Illustration by Lawrence Housman.
The illustrator, author and poet Laurence Housman was born in Bromsgrove, one of seven children (the eldest brother was A. E. Housman). He had a difficult childhood - his mother died when he was a young child, and the family lived in some degree of poverty. In 1882 he went with his sister Clemence Housman to Lambeth, where he studied at the City and Guilds Art School (not sure how this relates if at all to the Lambeth School of Art - any comments welcome?). Following this, he studied at South Kensington from 1887, and started book illustration in the following year. Early work appeared in a magazine called the Universal Review, then he illustrated books by George Meredith, Christina Rossetti (Goblin Market), and then two books of his own fairy stories in the mid-1890s - A House of Joy and A Farm in Fairyland, and later illustrated The Field of Clover. He stayed very close to his sister Clemence, who engraved for him, the pair finally settling in Street, Somerset in the 1920s. Both lived to an advanced age, she dying in 1955, he a few years later at the age of 95. As well as the illustration and poetry, Housman wrote a book on the artist Boyd Houghton, and did bookbinding.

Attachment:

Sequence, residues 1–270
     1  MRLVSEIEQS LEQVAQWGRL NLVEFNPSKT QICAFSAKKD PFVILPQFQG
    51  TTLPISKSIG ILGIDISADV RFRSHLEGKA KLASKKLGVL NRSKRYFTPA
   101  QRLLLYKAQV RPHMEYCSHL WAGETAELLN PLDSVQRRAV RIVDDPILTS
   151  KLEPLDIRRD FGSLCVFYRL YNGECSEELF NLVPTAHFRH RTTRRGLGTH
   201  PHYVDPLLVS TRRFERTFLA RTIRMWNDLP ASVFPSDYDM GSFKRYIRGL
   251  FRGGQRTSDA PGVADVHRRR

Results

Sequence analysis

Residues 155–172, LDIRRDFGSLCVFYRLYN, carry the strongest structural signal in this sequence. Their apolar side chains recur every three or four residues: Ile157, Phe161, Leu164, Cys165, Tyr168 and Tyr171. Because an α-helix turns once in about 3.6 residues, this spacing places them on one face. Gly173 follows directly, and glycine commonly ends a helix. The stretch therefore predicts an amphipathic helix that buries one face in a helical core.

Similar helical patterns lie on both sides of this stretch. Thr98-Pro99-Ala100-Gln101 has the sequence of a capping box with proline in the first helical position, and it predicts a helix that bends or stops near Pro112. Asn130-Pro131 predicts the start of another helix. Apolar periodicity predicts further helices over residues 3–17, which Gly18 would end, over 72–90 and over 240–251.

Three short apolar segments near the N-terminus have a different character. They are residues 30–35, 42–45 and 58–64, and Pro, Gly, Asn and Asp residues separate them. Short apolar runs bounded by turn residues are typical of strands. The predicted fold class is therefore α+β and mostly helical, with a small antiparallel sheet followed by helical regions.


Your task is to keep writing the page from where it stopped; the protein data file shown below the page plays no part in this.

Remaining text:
Housman was a disciple of Ricketts (whom he know at Lambeth), and above all of Rossetti. As well, some of his work is akin to the black and white work of Burne-Jones, as found in the Kelmscott Press books. Most of his illustrations are of girls, elves, and mythological scenes, and in his compositions, he had a particular interest in dappled effects of light and shade.
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